WEEK OF PRAYER: A small church's 'big dreams'
IMB.org/lmco, where there are resources to promote the offering. This year's goal is $160 million.
ANDERSONVILLE, Tenn. (BP) -- A few years ago, Steve Lakin's church budget had a line of numbers his heart couldn't reconcile. "I was meeting with the elder leadership here at the church, and as I was looking through our financial report, I saw we had a large surplus left over," said Lakin, pastor of First Baptist Church of Andersonville, Tenn.
One of the elders grinned and said he was sure God had ways in mind to spend that money. Pastor Lakin agreed. "That thought just kept reverberating in my head for the next several days," he said. And as it did, those extra dollars fueled big dreams, dreams that didn't end with that year's surplus.
The little church of 125 decided to step out and commit to something radical -- to raise money equivalent to what it takes to fund one International Mission Board missionary couple's work, not just that year but in the years to come. "We got in touch with the IMB and shared what was on our heart, and they connected us with a couple who was getting ready to go the field who could be the 'face' of the need for us," Lakin said.
In the past, First Baptist had given generously to the Lottie Moon Christmas Offering, faithfully passing the $10,000 mark every year. But in the year of the surplus, the church took an additional $90,000 out of its budget that year to "adopt" Kyle and Amber Wilkens*, IMB workers for the East Asia region. And in the years since, the church has set aside one Sunday a year as "sacrificial Sunday," the day the congregation raises the entire $90,000 to give to the IMB with the Wilkenses' costs in mind.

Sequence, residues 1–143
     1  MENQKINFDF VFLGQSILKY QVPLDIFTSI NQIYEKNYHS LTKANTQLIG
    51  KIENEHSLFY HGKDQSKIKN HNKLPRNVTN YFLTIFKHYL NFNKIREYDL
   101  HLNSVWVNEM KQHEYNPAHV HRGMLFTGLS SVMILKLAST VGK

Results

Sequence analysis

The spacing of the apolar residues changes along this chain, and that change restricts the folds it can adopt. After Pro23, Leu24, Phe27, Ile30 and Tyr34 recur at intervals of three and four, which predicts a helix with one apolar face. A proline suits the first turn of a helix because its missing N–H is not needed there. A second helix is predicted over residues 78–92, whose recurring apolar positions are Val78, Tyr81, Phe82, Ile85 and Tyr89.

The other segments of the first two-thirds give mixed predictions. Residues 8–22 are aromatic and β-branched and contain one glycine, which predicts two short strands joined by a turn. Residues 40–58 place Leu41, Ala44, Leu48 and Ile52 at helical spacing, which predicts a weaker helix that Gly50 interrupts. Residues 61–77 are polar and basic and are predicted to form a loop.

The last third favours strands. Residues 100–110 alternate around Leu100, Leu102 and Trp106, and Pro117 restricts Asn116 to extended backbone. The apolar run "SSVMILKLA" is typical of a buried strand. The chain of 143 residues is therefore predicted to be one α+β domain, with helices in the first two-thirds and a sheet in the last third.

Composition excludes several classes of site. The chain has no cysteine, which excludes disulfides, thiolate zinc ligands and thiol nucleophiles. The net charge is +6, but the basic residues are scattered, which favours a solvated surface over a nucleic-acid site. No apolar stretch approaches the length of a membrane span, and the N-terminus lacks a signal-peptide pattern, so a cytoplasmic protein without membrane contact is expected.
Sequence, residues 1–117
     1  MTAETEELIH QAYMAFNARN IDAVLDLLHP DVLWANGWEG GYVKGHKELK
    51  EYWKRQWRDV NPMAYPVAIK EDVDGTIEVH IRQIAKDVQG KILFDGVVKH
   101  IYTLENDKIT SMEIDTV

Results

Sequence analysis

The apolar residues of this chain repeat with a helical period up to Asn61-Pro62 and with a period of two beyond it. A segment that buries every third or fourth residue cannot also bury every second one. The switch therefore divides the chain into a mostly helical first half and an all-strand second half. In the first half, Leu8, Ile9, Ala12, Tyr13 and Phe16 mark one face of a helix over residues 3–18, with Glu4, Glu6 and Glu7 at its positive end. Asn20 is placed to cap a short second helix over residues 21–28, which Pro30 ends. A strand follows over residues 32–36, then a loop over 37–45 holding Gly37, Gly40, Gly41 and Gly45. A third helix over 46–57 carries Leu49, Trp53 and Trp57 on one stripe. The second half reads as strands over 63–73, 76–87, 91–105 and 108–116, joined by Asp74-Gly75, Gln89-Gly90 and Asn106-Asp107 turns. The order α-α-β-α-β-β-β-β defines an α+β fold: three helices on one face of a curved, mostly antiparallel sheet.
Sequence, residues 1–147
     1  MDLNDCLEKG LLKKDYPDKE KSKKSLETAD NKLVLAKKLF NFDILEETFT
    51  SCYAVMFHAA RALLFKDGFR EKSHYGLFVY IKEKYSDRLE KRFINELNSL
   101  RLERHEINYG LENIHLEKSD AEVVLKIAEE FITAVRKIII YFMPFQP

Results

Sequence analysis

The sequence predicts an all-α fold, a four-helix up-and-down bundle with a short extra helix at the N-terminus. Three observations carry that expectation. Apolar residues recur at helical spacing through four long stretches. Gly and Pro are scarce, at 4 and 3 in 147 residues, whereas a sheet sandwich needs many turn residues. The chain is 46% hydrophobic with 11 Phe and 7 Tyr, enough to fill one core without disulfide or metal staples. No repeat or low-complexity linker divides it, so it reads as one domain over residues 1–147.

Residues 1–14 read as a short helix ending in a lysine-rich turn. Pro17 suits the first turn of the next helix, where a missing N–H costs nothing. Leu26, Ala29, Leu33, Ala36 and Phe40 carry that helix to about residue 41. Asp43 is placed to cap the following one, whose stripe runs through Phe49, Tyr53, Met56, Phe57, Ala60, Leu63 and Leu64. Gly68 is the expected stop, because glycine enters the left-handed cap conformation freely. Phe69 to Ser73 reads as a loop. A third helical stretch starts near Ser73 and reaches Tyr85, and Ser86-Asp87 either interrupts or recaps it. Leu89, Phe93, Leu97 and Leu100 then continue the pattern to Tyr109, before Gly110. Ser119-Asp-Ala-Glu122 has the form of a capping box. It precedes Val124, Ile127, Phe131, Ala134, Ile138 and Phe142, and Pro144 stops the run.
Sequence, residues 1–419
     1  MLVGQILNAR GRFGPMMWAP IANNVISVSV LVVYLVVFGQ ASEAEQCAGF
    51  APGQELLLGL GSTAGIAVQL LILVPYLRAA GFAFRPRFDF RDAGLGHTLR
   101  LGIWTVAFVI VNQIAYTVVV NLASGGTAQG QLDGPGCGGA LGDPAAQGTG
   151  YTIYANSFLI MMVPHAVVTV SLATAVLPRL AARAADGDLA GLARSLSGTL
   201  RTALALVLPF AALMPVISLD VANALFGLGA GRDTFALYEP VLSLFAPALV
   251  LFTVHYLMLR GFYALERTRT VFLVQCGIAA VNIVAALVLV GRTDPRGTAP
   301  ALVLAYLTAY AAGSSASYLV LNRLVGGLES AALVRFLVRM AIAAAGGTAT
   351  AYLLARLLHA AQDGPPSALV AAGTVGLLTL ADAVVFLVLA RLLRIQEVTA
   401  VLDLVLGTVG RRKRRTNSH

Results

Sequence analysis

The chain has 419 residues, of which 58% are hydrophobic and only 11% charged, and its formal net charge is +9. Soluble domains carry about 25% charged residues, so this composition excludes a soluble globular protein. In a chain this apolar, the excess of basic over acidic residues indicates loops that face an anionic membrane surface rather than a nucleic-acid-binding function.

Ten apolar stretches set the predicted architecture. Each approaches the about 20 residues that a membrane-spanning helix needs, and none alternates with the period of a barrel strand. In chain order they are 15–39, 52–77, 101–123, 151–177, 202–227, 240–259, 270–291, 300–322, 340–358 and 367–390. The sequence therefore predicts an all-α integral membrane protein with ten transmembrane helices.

"Every year without fail, we've either gotten the $90,000 or gone above it," Lakin said. "We became motivated and moved to give radically to see the advancement of the Gospel, and we began to see giving generously as our responsibility."
As a result, the church saw God do phenomenal things, he reported. "We're just a small church; we're not huge," the pastor pointed out. "We may be a 'First Baptist,' but Andersonville is a small town. But God can take small things and do great things with them, and through our giving to the IMB, we see how God is using us."
It's caused a cultural shift, Pastor Lakin said.
Through that direct connection to the Wilkenses, missions has come alive. The church knew their gifts mattered, but this put faces to the money they sent to the IMB, and now the congregation prays specifically, sends care packages, and actively goes on mission too, Lakin said.
"It has dramatically changed our view of the Gospel and the way we see missions," he noted. "People sometimes say, 'It can't be done in our church.' But if God can do this with us, then he can do it with you."
-- Churches to envision how their gifts to the Lottie Moon Christmas Offering directly power the Gospel going out to unreached people groups.
-- More and more congregations to rise up as sacrificial supporters.